So before the day’s event is even done I’m encouraging you to look at the eventual outcome as a “glass half full” when it’s been empty. I’m assuming the Democrats will get something passed and on Obama’s desk before the fall elections if they want to avoid “throw the bums out” being aimed solely at their party.
The health insurance system is flawed. It’s arguably the most wasteful part of medical expenses: by the very nature of business and capitalism, the incentives for “improvements” by insurers are confined to their own profit margins, while premiums pay over $1 million/day to high-dollar lobbyists to steer legislative outcomes instead of medical and/or cost-control improvements.
Politics is, and has always been, the art of the possible. It’s messy, but it’s better for our avid participation even when we don’t all agree.
A handful of facts:
Government for the people
A year into President Obama’s first term it’s obvious Congress is in no hurry to pass reforms, so citizens live with growing risks and financial burdens. “We the People” are supposed to be in control of our government, but our needs are being trampled by a combination of one party largely posturing for political points and digging in their heels, while lobbyists use special interest money to shave off just enough votes from the other party to keep progress at an effective standstill.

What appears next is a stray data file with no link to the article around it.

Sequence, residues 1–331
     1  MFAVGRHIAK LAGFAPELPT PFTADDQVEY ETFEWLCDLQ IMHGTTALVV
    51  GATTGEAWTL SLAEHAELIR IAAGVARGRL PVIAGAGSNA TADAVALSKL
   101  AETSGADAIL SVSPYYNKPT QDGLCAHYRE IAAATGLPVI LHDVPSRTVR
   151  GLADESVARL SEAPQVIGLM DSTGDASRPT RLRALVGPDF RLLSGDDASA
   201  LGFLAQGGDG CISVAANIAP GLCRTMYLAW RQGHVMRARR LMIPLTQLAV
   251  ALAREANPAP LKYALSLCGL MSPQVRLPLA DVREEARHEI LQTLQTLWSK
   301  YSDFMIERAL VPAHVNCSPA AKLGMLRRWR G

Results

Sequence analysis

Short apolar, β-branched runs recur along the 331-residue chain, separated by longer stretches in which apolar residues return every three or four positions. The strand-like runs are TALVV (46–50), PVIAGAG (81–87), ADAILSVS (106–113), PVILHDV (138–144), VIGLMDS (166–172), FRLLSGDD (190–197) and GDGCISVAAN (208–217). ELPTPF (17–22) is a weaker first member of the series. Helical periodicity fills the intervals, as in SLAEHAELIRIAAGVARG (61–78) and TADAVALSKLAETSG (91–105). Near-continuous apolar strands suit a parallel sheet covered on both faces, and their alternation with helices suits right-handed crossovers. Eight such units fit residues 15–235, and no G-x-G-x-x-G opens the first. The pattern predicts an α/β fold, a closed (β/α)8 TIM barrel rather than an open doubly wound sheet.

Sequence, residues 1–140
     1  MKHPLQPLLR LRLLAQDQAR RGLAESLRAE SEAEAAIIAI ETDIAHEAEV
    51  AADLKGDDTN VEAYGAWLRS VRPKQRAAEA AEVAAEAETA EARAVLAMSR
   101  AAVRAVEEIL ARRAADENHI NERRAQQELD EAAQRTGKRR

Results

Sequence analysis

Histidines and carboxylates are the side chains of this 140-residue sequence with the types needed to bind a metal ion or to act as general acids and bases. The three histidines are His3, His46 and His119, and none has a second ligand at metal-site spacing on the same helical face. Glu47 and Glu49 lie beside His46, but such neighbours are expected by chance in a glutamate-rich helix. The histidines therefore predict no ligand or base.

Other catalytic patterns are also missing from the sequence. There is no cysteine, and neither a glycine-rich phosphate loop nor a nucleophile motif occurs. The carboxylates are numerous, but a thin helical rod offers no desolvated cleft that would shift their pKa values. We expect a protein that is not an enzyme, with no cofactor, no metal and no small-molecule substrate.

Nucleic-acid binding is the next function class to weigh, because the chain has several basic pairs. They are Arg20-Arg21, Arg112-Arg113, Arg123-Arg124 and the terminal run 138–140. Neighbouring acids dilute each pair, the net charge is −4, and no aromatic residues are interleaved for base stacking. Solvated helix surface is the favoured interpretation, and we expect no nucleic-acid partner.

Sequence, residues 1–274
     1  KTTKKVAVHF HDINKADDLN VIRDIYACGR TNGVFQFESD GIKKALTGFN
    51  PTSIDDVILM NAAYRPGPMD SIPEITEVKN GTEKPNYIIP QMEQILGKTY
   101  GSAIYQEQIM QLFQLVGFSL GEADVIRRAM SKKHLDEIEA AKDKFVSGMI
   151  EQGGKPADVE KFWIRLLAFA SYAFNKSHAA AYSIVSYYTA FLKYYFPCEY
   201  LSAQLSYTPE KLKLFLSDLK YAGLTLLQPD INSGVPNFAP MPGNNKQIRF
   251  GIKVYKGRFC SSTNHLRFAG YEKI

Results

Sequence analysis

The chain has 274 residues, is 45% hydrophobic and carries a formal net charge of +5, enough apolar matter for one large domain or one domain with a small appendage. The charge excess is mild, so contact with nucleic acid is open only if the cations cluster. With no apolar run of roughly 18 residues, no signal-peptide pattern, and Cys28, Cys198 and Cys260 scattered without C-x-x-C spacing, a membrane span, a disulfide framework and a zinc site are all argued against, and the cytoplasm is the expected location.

Leadership isn’t leaving the system as it’s always been. That kind of “leadership” would mean we were still colonies of European countries, if not living in caves. Inaction is rarely a viable approach to confronting a crisis, and the flagrant profiteering of health care insurance in America is a crisis. We have some of the best doctors, nurses, and medical training facilities in the world, but a few greedy corporations are exploiting the system at the expense of our standard of living today.
Is Congress hoping to leave this vast, profitable industry to self-regulate, the way they did with Wall Street? Are they really expecting advice from people hoping to make a profit will build a system that protects you and me?
The sooner we fix how we pay for our health care the better off we’ll all be. The founding fathers had the courage to face unpleasant truths and act despite the very real risk to their lives by opposing the King of England and his military legions. Are the people in Congress today opposing health care insurance changes scared to face down one money-making industry, or simply greedy?